The other team with 86 wins (in 1st place) can’t be caught.  We have nearly the same number of innings (1,129.33 vs. 1,129.66), but they already have 86 wins to our 73.  And because we are in third place for wins (86, 86, then our 73), there are no more points to be made up in wins.



Trading Strategy - Take Advantage of Misperceptions

Trading Strategy – Take Advantage of Misperceptions

What’s done is done.  April, May, June, and July are behind us and we’re heading into the stretch run.  If you’re still able to make trades in your league, here’s a strategy you can employ to squeeze a little extra out of a deal or to get a player at a discount.

Leagues are going to be decided by what happens over these last two months.  Today’s standings are based upon the past, but they will only change due to the statistics that will be earned going forward.  

So as we stand here today, we only care about the future.  This sounds obvious.  You know this.  I know this.  But many owners are unduly influenced by the past, by year-to-date statistics.  It’s impossible to avoid a player’s accumulated season-long statistics.  Visit player X’s profile page online or watch their game on TV and you’re bombarded with graphics showing they have 23 HR, 72 RBI, and 8 SB.  

There’s an opportunity here.


That player with 23 HR, 72 RBI, and 8 SB could very easily be less productive down the stretch than a player that currently has 8 HR, 27 RBI, and 2 SB.  There are players out there that have depressed counting statistics at this point in the season.  Maybe they were injured.  Maybe they have underperformed.  Or maybe they weren’t in the Major Leagues all season.

This is an opportunity for arbitrage.  It’s about finding your own 23 HR-72 RBI guys (especially if you smell a decline coming) and swapping them for other teams’ 8 HR-27 RBI guys.

What To Look For?

If you have a tradeable commodity, a player with impressive accumulated statistics, target players that are due, or are already experiencing, increased opportunity. Additional opportunity can come in many shapes and forms.  It can come from being injured early in the season and now playing regularly.  Or being a bench player early in the year and being pushed into a starting role due to injuries.  Moving to a more valuable spot in the lineup.  Being traded to a more productive lineup.  Being called up from the minor leagues.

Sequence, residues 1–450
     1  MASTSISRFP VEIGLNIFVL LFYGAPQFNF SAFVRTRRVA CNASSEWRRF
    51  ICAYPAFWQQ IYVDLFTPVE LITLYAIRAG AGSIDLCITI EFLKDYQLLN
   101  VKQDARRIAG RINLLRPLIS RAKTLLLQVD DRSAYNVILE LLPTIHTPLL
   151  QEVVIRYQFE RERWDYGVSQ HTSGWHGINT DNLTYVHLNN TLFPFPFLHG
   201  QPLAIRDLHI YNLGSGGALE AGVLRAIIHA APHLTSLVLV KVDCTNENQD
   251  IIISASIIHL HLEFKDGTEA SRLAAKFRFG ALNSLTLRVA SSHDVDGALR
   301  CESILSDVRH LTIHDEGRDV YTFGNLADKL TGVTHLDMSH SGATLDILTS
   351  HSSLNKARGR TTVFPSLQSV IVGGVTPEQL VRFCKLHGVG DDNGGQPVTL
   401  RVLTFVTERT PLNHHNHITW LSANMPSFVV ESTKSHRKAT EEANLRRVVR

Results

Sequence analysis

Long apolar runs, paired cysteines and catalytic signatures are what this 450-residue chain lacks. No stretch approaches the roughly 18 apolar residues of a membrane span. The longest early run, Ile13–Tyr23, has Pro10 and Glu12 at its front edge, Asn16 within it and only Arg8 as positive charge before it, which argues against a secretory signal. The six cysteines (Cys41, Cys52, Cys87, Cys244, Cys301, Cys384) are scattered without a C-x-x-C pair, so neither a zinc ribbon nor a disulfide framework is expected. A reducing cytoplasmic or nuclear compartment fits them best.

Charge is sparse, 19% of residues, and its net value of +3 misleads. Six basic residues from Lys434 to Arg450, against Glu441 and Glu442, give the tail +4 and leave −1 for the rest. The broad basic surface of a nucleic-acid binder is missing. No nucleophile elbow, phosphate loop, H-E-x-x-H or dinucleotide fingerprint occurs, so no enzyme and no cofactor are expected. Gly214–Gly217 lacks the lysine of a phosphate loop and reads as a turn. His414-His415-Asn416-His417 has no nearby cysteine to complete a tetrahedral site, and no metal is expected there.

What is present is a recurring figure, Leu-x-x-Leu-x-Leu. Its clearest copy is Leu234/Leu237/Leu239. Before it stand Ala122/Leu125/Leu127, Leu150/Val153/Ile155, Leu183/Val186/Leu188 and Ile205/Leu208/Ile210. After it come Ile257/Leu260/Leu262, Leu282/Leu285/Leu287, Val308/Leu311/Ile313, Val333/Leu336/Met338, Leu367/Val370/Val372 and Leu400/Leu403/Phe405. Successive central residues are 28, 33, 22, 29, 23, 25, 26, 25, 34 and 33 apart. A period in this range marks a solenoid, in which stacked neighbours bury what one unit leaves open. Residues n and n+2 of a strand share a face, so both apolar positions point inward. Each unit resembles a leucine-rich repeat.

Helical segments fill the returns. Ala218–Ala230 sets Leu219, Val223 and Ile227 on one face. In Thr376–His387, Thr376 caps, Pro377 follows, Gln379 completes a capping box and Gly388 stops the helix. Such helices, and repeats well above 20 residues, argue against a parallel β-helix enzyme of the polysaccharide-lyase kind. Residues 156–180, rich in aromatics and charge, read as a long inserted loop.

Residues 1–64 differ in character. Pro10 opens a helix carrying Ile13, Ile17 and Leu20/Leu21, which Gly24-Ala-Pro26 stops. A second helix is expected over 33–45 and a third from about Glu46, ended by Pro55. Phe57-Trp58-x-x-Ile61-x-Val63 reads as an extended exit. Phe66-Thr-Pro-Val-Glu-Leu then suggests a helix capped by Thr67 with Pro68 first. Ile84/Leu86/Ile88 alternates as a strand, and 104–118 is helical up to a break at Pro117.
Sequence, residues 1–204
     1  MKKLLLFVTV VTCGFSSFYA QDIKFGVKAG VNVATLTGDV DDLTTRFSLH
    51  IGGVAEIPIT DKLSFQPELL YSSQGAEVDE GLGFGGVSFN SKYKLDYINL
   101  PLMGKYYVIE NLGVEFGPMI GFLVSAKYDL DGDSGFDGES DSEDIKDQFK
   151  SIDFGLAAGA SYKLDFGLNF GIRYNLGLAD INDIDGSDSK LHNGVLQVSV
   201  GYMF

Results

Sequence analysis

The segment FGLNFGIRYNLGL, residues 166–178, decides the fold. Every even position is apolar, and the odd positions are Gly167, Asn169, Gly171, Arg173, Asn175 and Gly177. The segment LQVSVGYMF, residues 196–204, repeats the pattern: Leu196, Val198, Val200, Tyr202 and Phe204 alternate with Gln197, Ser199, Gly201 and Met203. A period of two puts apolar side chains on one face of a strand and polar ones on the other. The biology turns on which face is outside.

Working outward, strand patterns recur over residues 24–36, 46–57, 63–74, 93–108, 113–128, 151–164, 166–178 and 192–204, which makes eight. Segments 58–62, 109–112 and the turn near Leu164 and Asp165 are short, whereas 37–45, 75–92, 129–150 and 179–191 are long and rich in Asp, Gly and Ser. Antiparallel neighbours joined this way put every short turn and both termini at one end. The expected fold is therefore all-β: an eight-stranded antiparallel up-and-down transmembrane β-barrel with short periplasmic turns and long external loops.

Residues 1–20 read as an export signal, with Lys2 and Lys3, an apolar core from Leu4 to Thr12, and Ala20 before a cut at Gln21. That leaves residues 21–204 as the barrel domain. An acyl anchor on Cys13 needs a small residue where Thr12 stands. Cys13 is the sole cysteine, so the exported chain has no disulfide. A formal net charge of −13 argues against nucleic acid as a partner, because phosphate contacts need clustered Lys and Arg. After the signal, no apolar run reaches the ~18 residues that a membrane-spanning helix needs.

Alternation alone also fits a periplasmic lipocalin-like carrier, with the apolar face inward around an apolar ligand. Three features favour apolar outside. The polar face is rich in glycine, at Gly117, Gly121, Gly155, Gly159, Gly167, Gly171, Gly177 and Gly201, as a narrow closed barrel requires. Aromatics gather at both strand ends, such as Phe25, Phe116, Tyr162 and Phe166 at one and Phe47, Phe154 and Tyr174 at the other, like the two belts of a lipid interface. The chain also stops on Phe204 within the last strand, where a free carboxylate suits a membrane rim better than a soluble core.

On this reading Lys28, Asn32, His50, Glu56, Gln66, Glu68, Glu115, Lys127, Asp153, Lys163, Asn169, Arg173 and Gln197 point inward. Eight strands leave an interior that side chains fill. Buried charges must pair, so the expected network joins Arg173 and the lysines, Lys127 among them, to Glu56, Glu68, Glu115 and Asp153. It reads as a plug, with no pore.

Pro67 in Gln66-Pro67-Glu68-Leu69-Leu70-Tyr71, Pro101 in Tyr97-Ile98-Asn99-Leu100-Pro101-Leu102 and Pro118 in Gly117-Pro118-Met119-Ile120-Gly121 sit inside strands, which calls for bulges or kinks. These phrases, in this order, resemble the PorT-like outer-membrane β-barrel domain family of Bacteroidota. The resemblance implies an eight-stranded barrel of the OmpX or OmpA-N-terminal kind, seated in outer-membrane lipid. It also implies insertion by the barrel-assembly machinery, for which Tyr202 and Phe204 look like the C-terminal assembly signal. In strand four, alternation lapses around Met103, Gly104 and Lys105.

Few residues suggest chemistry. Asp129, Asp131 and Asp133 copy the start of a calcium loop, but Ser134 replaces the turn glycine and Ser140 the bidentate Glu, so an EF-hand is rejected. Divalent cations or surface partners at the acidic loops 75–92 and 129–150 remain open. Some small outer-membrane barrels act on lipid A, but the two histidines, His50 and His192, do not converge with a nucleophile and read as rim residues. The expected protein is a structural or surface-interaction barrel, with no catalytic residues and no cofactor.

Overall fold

It is this opportunity you should be looking for.  Skills remain relatively constant.  But opportunity can change significantly in a short period of time.

On draft day, players thrust into starting roles see their value sky rocket.  They’re termed sleepers.  Everyone in the league battles for them.  When the same thing happens in mid-August, many managers won’t notice.  And if they do, they won’t react in the same rabid manner.

Give Me Names

Here are some examples of players that will have strong opportunities to play the rest of the 2013 season and have depressed counting statistics for some reason (due to injury or being called up during the year).  If you offer up player(s) that have been healthy and played all season in exchange for players like those from the list below, the perceived difference in counting statistics may allow you to earn a slight “discount”.

  • Aaron Hill
  • Brett Lawrie
  • Jason Heyward
  • Curtis Granderson
  • Giancarlo Stanton
  • Carl Crawford
  • Brad Miller
  • Bryce Harper
  • Austin Jackson
  • Nick Franklin
  • Wil Myers
  • Jonathan Villar

A Real Example

You’ll have to determine your team’s needs.  But look at the potential trade below.  To this point in the season, Leonys Martin has stolen 27 bases, good for 10th best in the major leagues.  Jonathan Villar has only been in the major leagues since July 22nd and stolen 11 already.

Granted, Villar could hit .200 and be sent back to the minors in a few weeks.  But you should easily be able to trade a Leonys Martin for a Jonathan Villar AND get something else.  Heck, you could get something significant and Villar might be a throw in.  If you’re trying to gain ground in the standings, this is the type of risk you need to take on.


Don’t Fall Victim

So what can you do if you’re offered a trade like this?  How can you properly evaluate the offer?

The answer is to be forward looking.  Consider completely ignoring the statistics accumulated to this point and use one of the free and reliable rest-of-season projection systems that are available.  These are updated each day and give you only the projected stats for each player going forward.


This won’t always work.  A skilled manager might be as disciplined and forward looking as you.  But many managers can’t help but be overly influenced by the past.  If you can combine the tactic above with other strategies to engineer a trade, you’ll be well on your way to pulling off a deal that can help you down the stretch.

Make smart choices.